Almost nothing has flowed through human history quite as consistently, consolingly, convivially and catastrophically as alcohol.
A year ago, National Geographic magazine published a story noting that the Chinese were making a kind of wine from rice, honey and fruit 9,000 years ago and that grapes grown in the mountains of Georgia and Iran were being put to heady purpose more than seven millennia back.
Along with alcohol’s many salutary effects, however, there has poured with it down all those centuries a social carnage of chronic disease, injury and death, birth defects, motor vehicle accidents, domestic and other violence and crime.
In Canada, the Yukon Territory has seen more than its share of alcohol’s harm. The territory of about 37,000 people has consistently recorded the highest alcohol sales per capita in the country over recent decades. A report by the chief medical officer of health there for 2015 said Yukon had a significantly higher proportion of “heavy drinkers” — both men and women — than Canada as a whole, with all the related health and crime issues.
For Canadian researchers, looking to test ways of reducing that cost through labelling on alcohol products, Yukon was both an attractive ground for study, a jurisdiction aware of alcohol’s harms, and an enthusiastic participant.
So starting in November, after several years of preliminary work, investigators Erin Hobin, a scientist with Public Health Ontario, and Tim Stockwell, director of the Canadian Institute for Substance Use Research at the University of Victoria, launched their study with labels warning of alcohol’s links to several types of cancer, including breast and colon cancer.
“The purpose of our study is to test if alcohol warning labels are an effective tool for both increasing consumer awareness of the health risks of drinking alcohol, specifically cancer, but also to examine whether alcohol warning labels can support consumers in making more informed and safer alcohol drinking choices,” Hobin told the Star.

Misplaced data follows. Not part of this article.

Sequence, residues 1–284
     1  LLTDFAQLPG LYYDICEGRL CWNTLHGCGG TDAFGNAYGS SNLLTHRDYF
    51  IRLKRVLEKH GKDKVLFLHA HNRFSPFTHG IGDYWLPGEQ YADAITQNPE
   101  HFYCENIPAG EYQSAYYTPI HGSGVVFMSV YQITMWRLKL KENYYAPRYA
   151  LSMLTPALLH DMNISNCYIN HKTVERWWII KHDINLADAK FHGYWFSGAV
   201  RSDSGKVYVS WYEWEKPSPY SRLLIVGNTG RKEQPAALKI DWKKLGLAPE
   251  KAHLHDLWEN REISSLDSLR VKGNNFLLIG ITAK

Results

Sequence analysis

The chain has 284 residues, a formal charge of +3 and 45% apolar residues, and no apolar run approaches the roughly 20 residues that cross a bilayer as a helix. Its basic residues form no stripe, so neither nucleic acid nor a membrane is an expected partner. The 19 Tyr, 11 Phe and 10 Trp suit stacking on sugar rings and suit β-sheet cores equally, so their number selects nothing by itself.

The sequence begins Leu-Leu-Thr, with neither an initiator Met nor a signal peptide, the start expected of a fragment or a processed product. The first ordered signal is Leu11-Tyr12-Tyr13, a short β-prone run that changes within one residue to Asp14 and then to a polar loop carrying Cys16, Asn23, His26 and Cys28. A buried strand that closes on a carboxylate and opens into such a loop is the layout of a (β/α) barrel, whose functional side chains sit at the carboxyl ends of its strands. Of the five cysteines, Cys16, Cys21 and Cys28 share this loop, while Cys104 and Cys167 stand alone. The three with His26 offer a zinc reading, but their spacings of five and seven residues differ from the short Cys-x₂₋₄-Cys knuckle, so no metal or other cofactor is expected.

Their project, funded by Health Canada, aimed to test three labels. The first warned of the link between alcohol and cancer. A second informed consumers of Food Canada’s low-risk alcohol guidelines for men and women. A third would have informed consumers of the standard drink units — as defined in the national guidelines — in whatever container of alcohol was purchased.
The research was hardly up and running, however, before the territory’s Yukon Liquor Corp. pulled the plug and halted the study in December.
Apparently, Hobin and Stockwell had poked the bear that is the alcohol industry and it was growling at the territorial government about legal action.
“When the alcohol producers expressed concerns to us, that conversation left us with the real possibility that we would end up in litigation,” John Streicker, territorial minister responsible for the Yukon Liquor Corp., said in an interview.
“What it really came down to was whether the messages on the labels were harming their brand and whether they constituted defamation.
“We don’t believe that that’s the case,” he said. “But in how we think about this, as a small jurisdiction, we have to decide about whether we would put resources toward a litigation that we believe would be protracted.”